Look at these two pictures. They both seem to be taken from the same distance, but one is a beautiful shot with great separation of the subject and the other one is … well not so much! So what is up with this disparity? Well, the obvious answer is that these two pictures were not taken by the same lens. So the question we have to answer is “what separates these two lenses from each other?”
What Is Focal Length
Wide Angle Lenses
The lower number means your lens is closer to the sensor. This will generate a wider image on the sensor. That’s the reason why lenses in this range are generally known as Wide Angle Lenses.
Shorter Focal Length will also result in an increased depth of field. What that means is that more of the image will stay in focus. The other plus point for wide lenses is the stability of the image. Since the lens is covering a large plain, it is more forgiving when it comes to shaky hands.
So all these have made wide-angle lenses the first choice for artists who want to capture huge scenes in one image, like nature photographers who are taking pictures from vast plains and mountains.
On the other side of the spectrum, we have higher focal lengths which mean a narrower field of view. The lenses in this range are known as Telephoto Lenses. Telephoto Lenses are great for the pictures where you want to attract the attention of the viewer toward a specific subject. They are also amazing for nature Photography when the subject is either too far, like birds, or too scary to get close to, like a tiger!
The other thing that will greatly help to turn the attention toward the subject is the Bokeh effect. What happens here is that high Focal Length will result in a shallower depth of field. So, when you put your subject in focus, the rest of the image is blurry and out of focus. Phone manufacturers add this effect artificially in software and call it portrait mode. So as you can see, this focal range is also amazing for portrait shots.
Medium Range Lenses
Between Wide Angle and Telephoto, there exists a middle ground, around 40 to 58 mm which is known as the medium range. This focal range is the closest to the natural way the human eye sees the world. Medium-range lenses are generally between 35 to 80 mm. But the best and most used range is 35 to 45. Videographers really like working with these lenses especially when the story they are telling, is about normal everyday life. Documentaries are also a great use case for medium-range lenses because of that natural feel they give.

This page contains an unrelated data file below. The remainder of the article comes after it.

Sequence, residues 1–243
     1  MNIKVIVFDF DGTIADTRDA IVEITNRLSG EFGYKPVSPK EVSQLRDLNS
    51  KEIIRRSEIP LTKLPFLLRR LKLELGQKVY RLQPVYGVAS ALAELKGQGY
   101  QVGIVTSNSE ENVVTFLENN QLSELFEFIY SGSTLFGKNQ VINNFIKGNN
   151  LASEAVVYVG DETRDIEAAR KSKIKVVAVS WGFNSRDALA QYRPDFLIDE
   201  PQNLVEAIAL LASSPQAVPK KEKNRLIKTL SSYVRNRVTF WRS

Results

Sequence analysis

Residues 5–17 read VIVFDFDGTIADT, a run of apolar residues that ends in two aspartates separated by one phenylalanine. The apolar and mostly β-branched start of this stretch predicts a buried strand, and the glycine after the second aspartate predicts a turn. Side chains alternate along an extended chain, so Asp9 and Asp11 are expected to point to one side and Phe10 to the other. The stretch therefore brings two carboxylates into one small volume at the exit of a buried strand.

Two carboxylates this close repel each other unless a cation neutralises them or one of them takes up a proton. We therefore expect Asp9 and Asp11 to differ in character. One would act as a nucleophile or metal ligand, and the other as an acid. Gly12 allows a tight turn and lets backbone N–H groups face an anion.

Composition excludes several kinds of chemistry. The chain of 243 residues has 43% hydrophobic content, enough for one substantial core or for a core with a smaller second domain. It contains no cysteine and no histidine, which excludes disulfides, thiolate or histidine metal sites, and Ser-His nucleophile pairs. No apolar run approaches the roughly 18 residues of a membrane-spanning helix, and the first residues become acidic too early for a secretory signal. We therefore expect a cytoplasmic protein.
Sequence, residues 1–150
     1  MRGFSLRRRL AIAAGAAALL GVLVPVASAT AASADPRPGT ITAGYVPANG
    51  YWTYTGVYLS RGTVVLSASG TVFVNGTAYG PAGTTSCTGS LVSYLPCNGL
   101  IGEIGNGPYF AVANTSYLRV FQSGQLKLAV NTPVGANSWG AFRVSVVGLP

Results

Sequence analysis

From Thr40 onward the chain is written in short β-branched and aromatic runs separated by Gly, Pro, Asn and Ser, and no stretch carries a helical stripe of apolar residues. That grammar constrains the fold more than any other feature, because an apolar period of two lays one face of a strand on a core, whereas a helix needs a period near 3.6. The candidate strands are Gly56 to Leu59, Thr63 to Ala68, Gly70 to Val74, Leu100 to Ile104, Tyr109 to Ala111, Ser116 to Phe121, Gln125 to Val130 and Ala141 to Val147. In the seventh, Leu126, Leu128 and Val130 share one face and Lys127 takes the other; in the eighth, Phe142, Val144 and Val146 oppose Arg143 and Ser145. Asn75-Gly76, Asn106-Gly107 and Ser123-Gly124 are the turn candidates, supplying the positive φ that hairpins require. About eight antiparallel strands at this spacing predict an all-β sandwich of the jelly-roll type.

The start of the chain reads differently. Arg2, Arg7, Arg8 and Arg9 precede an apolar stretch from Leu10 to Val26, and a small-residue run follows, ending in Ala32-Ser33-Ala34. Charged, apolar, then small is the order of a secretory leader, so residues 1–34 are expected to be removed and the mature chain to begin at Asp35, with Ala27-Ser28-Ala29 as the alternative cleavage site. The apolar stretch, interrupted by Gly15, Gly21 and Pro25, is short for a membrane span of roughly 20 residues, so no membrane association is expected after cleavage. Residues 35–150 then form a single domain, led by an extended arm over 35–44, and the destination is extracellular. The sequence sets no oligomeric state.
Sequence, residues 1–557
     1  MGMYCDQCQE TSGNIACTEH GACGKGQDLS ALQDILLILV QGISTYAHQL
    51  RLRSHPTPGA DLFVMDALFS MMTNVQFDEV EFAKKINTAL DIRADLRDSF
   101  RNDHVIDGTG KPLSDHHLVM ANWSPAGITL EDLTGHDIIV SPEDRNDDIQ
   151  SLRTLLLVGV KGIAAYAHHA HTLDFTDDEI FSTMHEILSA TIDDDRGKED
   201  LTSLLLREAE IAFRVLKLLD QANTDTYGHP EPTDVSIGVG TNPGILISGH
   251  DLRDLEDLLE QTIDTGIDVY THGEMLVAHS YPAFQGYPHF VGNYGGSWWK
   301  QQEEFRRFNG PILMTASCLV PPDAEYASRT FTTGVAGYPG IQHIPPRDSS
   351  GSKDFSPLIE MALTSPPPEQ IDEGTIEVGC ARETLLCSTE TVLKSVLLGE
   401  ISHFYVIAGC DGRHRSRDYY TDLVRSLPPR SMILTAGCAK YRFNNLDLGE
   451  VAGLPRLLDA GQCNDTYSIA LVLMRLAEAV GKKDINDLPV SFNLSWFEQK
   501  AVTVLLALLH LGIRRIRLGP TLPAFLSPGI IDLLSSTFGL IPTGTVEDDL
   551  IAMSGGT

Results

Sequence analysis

Zoom and Prime Lenses
Now that’s out of the way, let’s talk about the other biggest difference between these lenses. Prime Lenses and Zoom Lenses. Physical differences are obvious. Zoom lenses are great at, you know, Zooming, while Prime lenses are fixed to one Focal Length. Of course, this means the lens is less flexible but has a better quality of the image. The reason for that is the fact that zoom lenses use more glass to work in different Focal Length and that means they filter the image through so many different lenses. This will affect the overall quality of the image ever so slightly. Prime Lenses, on the other hand, are working at a fixed Focal Length so they use less glass compared to Zoom Lenses. So the image is less filtered when it reaches the sensor.
Of course, this difference in quality is very minimal and you may not even notice it in your footage. Besides, the flexibility of zoom lenses is such a huge benefit that it is hard to ignore.
So as you can see, lenses are not created equal! Of course, there are other factors like the general quality of the lens. Or even the weight of the lens that will affect how you are going to use it. But those are subjects for another time.
But until the next time, best of luck and bye!